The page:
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    • Gordon, William
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    • Washington, George

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Your friendly letter of 15th Ocr last was highly acceptable, but before I enter upon a particular answer I mean to transcribe one of our friend Monsr La Fayette’s dated two days before. Upon hearing He was safe in the neighbourhood of Hamburgh I wrote to him on the 9th of Novr to which he answered from Lehmkhul near Ploin, as follows “My dear Sir With heart-felt satisfaction I have received...
I have enjoyed peculiar pleasure in looking over Fenno’s Gazettes from last Sepr to June 14th 1797: for I have noticed how respectfully & cordially the several States, in their legislative bodies, cities, towns, societies, & united citizens of different denominations, have acknowledged the benefit of your presidency, during the eight years you was at the head of the American Government: & have...
It is with peculiar pleasure, that I contemplate your having been preserved to the present period; sustained under the weight of that service to which you have been called, by the unanimous vote of your electors; uniformly pursued the prosperity of the United States; concluded upon returning to the enjoyment of domestic happiness; secured the lustre of your character; & communicated to the...
The most cordial congratulations attend your Excellency on your firm & successful conduct during the last Session. The United States are as much indebted to you for the same, as for procuring them a treaty with Great Britain; truly & greatly advantageous, though it may not equal the sanguine wishes of many; still infinitely preferable to a rupture, which would have ruined multitudes, benefited...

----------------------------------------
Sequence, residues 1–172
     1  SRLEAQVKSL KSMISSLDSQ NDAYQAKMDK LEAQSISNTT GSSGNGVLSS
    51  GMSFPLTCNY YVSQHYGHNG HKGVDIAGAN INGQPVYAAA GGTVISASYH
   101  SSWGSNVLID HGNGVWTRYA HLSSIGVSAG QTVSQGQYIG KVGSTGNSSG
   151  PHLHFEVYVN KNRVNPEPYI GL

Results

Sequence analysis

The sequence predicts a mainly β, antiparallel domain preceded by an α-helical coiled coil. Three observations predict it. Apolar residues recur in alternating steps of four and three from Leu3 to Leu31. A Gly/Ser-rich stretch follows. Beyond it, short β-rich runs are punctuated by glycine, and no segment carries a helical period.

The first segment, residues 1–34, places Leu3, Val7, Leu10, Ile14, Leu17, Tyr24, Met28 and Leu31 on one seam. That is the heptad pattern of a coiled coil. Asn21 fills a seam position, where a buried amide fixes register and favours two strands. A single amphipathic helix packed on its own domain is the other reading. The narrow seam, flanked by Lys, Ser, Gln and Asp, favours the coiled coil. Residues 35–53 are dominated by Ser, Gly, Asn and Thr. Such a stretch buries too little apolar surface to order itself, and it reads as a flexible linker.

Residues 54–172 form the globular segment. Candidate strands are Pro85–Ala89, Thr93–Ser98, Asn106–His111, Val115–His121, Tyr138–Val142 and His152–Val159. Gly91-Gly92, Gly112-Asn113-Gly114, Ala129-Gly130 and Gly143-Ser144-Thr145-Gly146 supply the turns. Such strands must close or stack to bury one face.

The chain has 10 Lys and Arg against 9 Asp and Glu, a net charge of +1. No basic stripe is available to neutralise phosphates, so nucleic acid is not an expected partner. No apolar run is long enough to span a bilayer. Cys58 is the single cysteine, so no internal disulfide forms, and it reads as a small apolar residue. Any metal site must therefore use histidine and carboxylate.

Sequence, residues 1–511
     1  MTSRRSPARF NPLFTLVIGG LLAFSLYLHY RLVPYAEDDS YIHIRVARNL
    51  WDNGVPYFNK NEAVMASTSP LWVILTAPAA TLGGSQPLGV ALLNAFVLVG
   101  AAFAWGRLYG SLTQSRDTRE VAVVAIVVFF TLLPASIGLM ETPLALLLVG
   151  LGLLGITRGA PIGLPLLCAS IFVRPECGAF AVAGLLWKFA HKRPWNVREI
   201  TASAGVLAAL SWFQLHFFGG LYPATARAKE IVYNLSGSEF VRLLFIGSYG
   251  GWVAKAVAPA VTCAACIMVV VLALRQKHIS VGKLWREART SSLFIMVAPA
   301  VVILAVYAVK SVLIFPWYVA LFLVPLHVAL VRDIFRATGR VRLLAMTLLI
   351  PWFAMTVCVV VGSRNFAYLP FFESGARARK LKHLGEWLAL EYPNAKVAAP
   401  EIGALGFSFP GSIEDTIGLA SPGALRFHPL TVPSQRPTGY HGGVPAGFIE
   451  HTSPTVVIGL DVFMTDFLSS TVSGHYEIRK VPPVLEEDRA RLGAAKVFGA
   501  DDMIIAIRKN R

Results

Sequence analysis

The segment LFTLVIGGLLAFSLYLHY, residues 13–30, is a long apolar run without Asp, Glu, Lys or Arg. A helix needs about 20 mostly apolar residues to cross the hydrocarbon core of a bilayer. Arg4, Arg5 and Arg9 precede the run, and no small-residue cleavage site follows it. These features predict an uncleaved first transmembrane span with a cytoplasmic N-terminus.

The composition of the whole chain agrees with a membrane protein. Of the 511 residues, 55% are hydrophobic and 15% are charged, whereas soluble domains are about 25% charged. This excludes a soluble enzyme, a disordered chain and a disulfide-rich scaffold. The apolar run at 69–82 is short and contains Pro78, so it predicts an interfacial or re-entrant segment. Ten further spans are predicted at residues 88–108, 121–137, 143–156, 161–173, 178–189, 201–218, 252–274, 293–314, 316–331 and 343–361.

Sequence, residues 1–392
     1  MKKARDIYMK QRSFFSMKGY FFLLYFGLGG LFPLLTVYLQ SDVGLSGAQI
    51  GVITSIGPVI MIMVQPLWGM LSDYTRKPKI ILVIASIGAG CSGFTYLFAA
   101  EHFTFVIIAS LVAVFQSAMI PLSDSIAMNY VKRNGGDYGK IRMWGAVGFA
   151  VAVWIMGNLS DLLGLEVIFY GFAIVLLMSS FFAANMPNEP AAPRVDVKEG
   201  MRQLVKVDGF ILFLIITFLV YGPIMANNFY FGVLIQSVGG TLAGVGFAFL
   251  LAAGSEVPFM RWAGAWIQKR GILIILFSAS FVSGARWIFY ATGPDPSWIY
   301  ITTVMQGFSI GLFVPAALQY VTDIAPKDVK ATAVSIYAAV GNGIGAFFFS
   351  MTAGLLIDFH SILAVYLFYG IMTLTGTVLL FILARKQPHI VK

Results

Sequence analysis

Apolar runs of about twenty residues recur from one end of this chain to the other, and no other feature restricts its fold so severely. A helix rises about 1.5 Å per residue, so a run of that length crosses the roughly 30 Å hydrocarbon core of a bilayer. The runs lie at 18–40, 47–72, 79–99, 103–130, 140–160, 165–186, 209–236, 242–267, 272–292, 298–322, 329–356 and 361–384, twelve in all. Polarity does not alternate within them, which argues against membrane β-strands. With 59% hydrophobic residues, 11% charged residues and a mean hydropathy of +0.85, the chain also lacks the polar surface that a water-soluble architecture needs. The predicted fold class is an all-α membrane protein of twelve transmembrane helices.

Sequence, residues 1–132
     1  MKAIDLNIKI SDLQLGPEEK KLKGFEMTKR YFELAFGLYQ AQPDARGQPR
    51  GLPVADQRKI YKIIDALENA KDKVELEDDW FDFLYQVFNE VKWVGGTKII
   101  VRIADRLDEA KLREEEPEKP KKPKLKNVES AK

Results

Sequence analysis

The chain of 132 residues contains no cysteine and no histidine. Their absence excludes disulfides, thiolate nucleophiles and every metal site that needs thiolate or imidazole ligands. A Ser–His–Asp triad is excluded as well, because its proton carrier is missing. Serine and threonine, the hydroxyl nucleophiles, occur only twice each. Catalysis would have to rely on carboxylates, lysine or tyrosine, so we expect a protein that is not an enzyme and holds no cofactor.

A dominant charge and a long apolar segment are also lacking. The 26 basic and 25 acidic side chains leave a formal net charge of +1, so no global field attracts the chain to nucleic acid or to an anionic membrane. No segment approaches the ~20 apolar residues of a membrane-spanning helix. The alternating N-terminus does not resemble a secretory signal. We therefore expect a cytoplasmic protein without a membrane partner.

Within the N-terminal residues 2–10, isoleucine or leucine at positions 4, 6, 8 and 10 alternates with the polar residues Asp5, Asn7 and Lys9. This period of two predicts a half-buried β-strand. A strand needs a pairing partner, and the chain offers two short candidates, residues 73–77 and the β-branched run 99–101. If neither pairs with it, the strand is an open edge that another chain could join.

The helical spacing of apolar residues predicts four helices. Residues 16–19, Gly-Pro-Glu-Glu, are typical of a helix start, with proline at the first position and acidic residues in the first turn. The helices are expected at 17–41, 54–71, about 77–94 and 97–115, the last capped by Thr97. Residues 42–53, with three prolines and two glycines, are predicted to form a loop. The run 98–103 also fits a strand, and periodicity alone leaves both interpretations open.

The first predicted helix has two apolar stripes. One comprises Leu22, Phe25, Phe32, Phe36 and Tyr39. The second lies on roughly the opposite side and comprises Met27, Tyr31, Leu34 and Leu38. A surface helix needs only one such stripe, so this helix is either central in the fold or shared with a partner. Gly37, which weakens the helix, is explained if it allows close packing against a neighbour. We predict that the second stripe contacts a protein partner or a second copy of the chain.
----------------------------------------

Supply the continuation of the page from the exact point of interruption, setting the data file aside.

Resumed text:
This will be presented to You, as I hope, by the nephew of Mrs Gordon, Mr Oliver Field; who from right principles emigrates from Great Britain, that he may become a citizen of the United States, & secure to himself, & family & posterity, those sacred & civil rights, that he cannot enjoy in his native country. He prefers the American Constitution to all others: & from conviction of its being...
Your ardent, persevering, & disinterested patriotism, from the commencement of the American difficulties; & through the various changes that have occurred, from your being chosen Augt 5. 1774 one of the Virginia delegates down to the present day; assure me, that you will approve of my good intentions to promote & perpetuate the welfare of the United States, though you should think me mistaken...
Judging there is an advantage from knowing the particular tempers of those, with whom we have to transcrit business of the first consequence, I have taken up my pen to acquaint your Excellency with the following matters. I had an intimate friend, who was settled, as a minister, with an English Presbyterian church in Rotterdam; & who was acquainted with a teaching tutor of a prince of Wales,...
The goodness of my intention will apologize for the present letter. The purport of which, I conceive, may not be known to any American. You may possibly be under the disagreeable necessity of appointing military officers for active service in dangerous warlike undertakings. I have a great regard for Genl Otho Williams, & am under peculiar obligations to him; but if what our deceased friend...
Your benevolence is so well established, that no apology is needful for my introducing to your notice, my friend the Revd Mr Hickman, who prefers living in a land of real liberty to remaining in his native country, where there is little of it, though great boastings about it. Being at Cambridge the beginning of the week, a gentleman of my acquaintance, Mr Flower, who has published upon the...
The renewed choice of your Excellency to the Presidentship was what I expected; & I was much pleased, when looking over the Gazette of the United States, it appeared that the vote of every elector was in your favor. When the war commenced between G. Britain & France, I was repeatedly asked, What part will the Americans take? I always answered—I apprehend they will observe a strict neutrality;...